When Social Media and Job Searches Collide

Jun 23, 2016 | Blog


Recently, one of our consultants found what looked to be a great candidate to put forward for a great role. As with all our potential placements, we thoroughly check them out from top to toe, and these days, that certainly includes their social media presence. For this particular candidate, it was their social media activity that ended their application for this particular role, and essentially pushed them to the bottom of the pile. Now, this might sound a little harsh, but it’s a really stark reminder of the importance of keeping your social media profiles, and with them, your personal brand, in great condition during any job searching. We thought it wise to share some advice on making sure that your social media presence doesn’t let you down when you’re trying to land that dream job.

Do google yourself

And google thoroughly. So many candidates forget about random social media platforms they joined years ago which can come back to haunt them. So while you can go through the profiles you know about, doing a thorough google search will uncover any you might have forgotten.

Don’t post inappropriate photos

We all go to parties and have big nights out and that’s fine – it doesn’t always equate to inappropriate photos appearing on your profiles. Sometimes, however, it does. So be vigilant, and scour through not only your own photos, but photos others have tagged you in. Make sure they represent you in a way that you would not be ashamed to show a recruiter or a potential employer. You can ask for opinions from your recruitment consultant, or if you’re not with an agency, use the rule ‘if in doubt, leave it out’ and delete/change settings for any photos you aren’t sure about. Pay attention to memes as well.

Don’t be too controversial

It’s fine to participate in topical discussions online. In fact, it can be something that demonstrates your knowledge about a subject very effectively. Just be careful not to ‘feed the trolls’ as it were, and get drawn into petty arguments, as too often happens on social media. Choose your platforms – LinkedIn is generally the best place for well-balanced debates. Don’t say anything you’d be unsure of saying in an interview should a similar discussion arise.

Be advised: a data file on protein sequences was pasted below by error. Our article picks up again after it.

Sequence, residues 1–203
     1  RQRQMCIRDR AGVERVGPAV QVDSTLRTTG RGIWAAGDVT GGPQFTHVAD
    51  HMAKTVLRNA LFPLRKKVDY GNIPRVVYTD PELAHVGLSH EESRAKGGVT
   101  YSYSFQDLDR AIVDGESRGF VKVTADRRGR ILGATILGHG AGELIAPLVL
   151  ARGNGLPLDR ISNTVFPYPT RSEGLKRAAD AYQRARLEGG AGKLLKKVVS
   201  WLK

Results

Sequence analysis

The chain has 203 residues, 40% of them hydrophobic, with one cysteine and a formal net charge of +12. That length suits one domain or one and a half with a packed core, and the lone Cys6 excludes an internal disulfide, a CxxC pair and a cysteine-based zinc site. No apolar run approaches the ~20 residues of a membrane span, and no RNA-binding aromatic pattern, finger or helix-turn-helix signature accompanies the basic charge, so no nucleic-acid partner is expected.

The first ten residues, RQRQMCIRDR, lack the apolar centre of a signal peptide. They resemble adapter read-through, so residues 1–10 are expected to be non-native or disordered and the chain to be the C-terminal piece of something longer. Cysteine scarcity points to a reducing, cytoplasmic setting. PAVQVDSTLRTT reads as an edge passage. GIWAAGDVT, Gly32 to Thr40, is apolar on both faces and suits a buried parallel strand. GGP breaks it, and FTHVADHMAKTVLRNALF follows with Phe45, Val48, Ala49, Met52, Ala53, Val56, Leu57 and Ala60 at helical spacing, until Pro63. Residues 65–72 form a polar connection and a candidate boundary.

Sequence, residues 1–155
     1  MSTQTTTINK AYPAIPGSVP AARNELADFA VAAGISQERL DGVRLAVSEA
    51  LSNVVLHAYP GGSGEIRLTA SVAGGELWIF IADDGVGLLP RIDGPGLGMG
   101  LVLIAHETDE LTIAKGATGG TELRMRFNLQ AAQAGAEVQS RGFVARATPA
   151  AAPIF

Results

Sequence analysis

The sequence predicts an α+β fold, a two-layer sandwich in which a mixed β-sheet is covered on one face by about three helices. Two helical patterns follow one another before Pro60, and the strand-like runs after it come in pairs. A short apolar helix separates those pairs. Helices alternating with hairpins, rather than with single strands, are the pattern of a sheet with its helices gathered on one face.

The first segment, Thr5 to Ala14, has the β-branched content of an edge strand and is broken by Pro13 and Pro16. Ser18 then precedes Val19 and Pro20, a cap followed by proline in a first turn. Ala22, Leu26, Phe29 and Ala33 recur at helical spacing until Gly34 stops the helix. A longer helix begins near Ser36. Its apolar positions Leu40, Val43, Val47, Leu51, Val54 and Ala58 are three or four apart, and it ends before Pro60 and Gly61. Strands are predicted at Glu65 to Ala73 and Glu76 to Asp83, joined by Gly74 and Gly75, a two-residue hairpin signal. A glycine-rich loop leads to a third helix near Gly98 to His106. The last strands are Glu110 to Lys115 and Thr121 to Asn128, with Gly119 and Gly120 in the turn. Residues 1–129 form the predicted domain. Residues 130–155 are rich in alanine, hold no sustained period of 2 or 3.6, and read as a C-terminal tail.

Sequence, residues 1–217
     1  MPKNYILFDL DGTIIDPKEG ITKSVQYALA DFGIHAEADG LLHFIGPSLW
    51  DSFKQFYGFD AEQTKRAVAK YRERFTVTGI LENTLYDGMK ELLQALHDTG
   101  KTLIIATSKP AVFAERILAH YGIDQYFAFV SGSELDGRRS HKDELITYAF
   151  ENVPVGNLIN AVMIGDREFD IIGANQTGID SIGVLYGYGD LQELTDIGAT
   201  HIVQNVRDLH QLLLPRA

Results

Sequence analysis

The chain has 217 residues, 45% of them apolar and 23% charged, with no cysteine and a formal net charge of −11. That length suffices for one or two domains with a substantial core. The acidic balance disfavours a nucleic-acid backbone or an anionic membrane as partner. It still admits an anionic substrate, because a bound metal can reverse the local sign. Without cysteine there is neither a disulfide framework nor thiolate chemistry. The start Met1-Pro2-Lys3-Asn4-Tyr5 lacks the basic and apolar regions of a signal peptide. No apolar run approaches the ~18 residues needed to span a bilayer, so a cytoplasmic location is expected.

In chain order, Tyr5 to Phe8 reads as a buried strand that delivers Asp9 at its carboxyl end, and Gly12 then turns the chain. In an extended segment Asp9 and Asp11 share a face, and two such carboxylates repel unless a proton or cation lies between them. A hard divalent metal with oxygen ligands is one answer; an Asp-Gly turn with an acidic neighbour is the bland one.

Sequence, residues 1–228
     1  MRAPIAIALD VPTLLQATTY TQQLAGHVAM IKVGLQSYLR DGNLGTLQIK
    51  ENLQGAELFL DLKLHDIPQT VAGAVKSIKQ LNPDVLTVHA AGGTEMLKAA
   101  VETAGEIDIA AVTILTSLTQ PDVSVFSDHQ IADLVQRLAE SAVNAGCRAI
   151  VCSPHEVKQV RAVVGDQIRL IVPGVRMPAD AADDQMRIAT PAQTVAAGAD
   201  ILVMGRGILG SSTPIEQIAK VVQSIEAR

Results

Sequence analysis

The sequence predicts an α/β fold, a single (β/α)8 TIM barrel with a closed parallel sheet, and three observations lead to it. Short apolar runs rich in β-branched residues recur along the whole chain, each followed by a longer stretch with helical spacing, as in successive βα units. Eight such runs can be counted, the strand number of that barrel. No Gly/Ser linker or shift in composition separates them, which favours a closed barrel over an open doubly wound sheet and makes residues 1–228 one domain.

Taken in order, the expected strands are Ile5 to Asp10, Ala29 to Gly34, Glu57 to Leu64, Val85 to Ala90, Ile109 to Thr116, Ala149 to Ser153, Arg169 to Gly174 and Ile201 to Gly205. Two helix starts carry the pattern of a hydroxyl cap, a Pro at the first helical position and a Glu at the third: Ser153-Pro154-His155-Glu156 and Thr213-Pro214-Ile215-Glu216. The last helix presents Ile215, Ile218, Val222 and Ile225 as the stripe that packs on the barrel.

Do proof

It might seem an insignificant point but it’s a big-hitter when it comes to how you are perceived by others. Spelling and grammar mistakes jump off the screen and really do you an injustice when it comes to how you’re perceived by others.

Don’t badmouth past employers or colleagues

It’s not just the interview you shouldn’t do this in, it’s everywhere. No matter how bad your experience was, rather talk about it with family or friends and leave it there. Do not commit anything to writing. It will not benefit you in any way.

Don’t be over-active

You need to be pretty active, but especially if you are job hunting while still in employment, don’t spend an overly large amount of time on social media or you risk making it look as though that’s what you do all day.

It might sound as though job searching means you have to seriously censor yourself, and in a way, it does. You have to weigh up what is more important – looking like the perfect candidate or posting last week’s crazy party pics? #nobrainer

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